How to handle confrontations with a FRSC official


Posted by: Kennedy Ilediagu

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Some motorists even take alternative routes to avoid getting into confrontations with a road safety official. But in cases where it eventually happens, Here is what to do

One of the biggest confrontations on Nigerian roads is that between a driver and a road safety official.

A lot of motorists, reported to, try to avoid it because it hardly ends in their favor. In fact, once any driver approaches a road block set by the FRSC officials to check for relevant documents and safety precautions, they look around to ensure their seat belts are plugged. They ensure they comport themselves till they are far past the area. Some motorists even reverse and take alternative routes. All these in a bid to avoid getting into confrontations with a road safety official. But in cases where it eventually happens, what do you do?

1. Know the powers a road safety official has

First of all, you need to understand the duties of a road safety official. They are meant to manage and issue car number plates and driver's licenses; educate road users on how to use the different roads in the country; clear any blockades on the roads; and prevent road accidents in ways possible. This goes to show that most of the time, they are actually after your safety and comfort, not after your pockets.


The common law that says obey before complain applies when you are stopped by a road safety official

However, these duties of the road safety official give them certain powers or privileges. There is the highway code that has a list of road offences that a driver can be penalised for. If you commit these offences, these officers have power to arrest you and have you prosecuted.

>>> Make sure you know in which cases you will be fined, read this! Nigeria road safety signs and their meanings: ranges of fine for violation

Other of their powers include - the power to declare an offender wanted if he or she doesn't answer charges leveled against them; the power to ground cars they believe were stolen or that do not have the proper documentation; the power to seize documents or license they think is fake or that is owned by an offender; the power to detain or remove any vehicle on the road they believe has been parked illegally; and to withdraw your drivers license if you default.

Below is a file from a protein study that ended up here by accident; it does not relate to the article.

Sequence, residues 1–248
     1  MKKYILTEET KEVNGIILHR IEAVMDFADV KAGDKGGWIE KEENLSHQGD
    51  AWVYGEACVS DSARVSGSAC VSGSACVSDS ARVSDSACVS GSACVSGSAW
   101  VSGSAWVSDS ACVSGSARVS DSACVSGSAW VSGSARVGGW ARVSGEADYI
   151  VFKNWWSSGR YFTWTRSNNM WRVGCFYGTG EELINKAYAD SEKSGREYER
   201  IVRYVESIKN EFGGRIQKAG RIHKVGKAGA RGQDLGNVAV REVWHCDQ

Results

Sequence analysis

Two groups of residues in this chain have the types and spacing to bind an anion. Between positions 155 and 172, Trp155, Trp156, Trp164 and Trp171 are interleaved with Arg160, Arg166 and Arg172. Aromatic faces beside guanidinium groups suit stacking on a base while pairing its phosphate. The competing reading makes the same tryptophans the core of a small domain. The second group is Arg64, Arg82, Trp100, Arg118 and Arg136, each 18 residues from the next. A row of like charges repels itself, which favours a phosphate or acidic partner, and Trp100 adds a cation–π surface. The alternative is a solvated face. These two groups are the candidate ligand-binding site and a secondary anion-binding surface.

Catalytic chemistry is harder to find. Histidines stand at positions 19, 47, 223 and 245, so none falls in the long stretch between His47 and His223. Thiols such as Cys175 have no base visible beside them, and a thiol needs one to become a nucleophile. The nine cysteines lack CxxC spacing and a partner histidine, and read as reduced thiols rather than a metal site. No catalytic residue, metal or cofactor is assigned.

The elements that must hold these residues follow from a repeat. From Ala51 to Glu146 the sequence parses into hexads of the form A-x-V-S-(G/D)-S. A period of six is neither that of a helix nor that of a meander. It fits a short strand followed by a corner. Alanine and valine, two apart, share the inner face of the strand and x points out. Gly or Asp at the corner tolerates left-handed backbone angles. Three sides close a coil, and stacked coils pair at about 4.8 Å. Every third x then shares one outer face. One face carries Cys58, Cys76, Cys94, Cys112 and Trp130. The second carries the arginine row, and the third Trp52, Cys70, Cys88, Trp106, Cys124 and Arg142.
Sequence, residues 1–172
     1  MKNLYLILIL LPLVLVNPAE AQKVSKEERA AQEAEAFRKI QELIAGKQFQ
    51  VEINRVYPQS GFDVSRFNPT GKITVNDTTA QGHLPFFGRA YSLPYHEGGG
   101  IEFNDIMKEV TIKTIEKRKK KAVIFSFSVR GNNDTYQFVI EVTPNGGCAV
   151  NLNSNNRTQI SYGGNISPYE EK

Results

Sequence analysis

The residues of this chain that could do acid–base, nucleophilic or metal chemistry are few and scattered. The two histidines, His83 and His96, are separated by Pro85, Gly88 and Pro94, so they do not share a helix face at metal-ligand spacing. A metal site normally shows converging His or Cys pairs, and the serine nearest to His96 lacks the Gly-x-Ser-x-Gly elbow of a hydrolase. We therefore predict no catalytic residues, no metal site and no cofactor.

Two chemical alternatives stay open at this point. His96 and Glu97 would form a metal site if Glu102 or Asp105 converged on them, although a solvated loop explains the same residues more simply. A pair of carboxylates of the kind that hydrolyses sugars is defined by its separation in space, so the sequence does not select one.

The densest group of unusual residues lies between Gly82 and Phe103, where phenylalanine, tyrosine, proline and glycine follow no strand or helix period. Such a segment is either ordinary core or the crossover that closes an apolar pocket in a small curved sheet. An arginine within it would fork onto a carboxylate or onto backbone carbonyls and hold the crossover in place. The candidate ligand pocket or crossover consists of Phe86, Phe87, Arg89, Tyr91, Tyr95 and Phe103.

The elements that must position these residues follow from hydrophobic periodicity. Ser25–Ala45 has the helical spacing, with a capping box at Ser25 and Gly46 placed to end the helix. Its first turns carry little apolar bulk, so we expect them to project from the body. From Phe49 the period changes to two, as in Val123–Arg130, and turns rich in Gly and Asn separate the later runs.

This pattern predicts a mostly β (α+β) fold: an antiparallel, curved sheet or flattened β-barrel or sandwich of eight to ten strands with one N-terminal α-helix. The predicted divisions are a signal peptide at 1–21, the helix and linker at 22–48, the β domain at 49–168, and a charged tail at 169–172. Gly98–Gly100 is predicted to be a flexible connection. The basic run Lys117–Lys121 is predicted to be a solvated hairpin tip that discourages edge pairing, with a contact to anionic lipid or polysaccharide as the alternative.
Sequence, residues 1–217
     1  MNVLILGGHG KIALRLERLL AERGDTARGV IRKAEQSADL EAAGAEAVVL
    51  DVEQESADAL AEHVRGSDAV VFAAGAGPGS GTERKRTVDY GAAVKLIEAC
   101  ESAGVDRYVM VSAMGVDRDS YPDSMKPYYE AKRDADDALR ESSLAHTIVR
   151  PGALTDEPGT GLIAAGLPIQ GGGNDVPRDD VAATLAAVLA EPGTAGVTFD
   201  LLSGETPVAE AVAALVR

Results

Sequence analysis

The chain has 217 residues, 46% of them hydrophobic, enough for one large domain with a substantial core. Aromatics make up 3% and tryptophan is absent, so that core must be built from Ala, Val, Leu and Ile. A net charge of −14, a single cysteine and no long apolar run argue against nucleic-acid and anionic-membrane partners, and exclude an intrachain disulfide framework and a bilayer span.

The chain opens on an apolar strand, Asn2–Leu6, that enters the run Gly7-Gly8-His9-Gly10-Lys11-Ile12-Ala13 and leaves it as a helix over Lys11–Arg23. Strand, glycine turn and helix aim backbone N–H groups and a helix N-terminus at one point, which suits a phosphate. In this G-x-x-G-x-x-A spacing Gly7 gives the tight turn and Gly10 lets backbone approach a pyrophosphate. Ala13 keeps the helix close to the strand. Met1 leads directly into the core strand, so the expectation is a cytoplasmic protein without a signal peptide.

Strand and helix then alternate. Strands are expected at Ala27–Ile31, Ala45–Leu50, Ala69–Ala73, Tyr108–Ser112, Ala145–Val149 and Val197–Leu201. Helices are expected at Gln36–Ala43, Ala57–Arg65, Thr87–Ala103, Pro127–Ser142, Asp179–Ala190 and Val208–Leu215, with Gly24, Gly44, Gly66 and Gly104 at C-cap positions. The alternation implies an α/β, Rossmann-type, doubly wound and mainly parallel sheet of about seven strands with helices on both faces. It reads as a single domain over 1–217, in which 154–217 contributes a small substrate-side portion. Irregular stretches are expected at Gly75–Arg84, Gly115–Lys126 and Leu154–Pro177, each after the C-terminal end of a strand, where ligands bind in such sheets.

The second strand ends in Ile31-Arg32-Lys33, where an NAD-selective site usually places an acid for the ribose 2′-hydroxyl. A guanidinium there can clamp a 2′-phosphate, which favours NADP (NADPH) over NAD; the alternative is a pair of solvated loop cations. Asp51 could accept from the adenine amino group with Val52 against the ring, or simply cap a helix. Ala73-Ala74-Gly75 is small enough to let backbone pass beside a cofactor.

2. Know your rights as a Nigerian driver

Regardless of the powers the road safety official has, you also reserve the right to contest any charge raised against you. Most of the charges can be settled with a fee, but if you feel you're innocent or the fee isn't commiserate with what you're charged with, you can go to a court of competent jurisdiction and demand for a trial.

3. Steps to take when confronting with a road safety official

When a road safety official stops you and you feel they aren't doing a duty within their job description, you don't need to retaliate or fight them. Simply look at the officer's shirt - it usually has their name written on it. Note it down. Possibly, grab your phone and record the audio (or video, if you can) of the confrontation. Write a comprehensive letter detailing what happened and have at least two eye witnesses who can back up your story. Include all necessary and relevant information like your details, contact information of your witnesses, your recording and any other proof that can make your complaint more weighty.

>>> Nigeria police checkpoints are, however, not to be easily dealt like that: Check out these tips! Nigerian police believe they help you avoid clash at checkpoints


You can make complaints about FRSC staff to FRSC headquarters

When done, submit it by hand to the Federal Road Safety Commission zonal office in your state, or the headquarters at No. 3, Maputo street, Wuse zone 3, Abuja. Alternatively, you can send it via email to -; or You would likely get a positive feedback. But in case you don't, then you can take it up with a lawyer.

>>> Read more about road usage and safe driving right here on!

Kennedy Ilediagu
Kennedy Ilediagu

Kennedy Ilediagu


Kennedy Ilediagu is an experienced wordsmith and a creative automotive writer for His forte ranges from vehicle maintenance and latest industry updates, to car review articles. He is also a brand management and content creation expert who has worked with Daily Posts (United Kingdom), ESUT Egg Day magazine, and many others for years. Digital copies written by him inform, educate and engage readers globally. When Kennedy is not writing, he is busy taking care of animals, traveling or watching football.

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